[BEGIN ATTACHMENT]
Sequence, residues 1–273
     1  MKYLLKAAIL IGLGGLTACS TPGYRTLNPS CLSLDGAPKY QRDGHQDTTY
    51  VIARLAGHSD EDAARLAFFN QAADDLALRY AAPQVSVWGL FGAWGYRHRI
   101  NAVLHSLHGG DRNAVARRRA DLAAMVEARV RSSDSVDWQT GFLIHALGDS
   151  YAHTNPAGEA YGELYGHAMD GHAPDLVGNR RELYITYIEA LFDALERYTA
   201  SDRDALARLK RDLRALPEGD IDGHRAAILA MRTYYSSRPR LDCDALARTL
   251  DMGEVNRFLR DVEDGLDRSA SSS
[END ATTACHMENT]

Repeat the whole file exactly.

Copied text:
Sequence, residues 1–273
     1  MKYLLKAAIL IGLGGLTACS TPGYRTLNPS CLSLDGAPKY QRDGHQDTTY
    51  VIARLAGHSD EDAARLAFFN QAADDLALRY AAPQVSVWGL FGAWGYRHRI
   101  NAVLHSLHGG DRNAVARRRA DLAAMVEARV RSSDSVDWQT GFLIHALGDS
   151  YAHTNPAGEA YGELYGHAMD GHAPDLVGNR RELYITYIEA LFDALERYTA
   201  SDRDALARLK RDLRALPEGD IDGHRAAILA MRTYYSSRPR LDCDALARTL
   251  DMGEVNRFLR DVEDGLDRSA SSS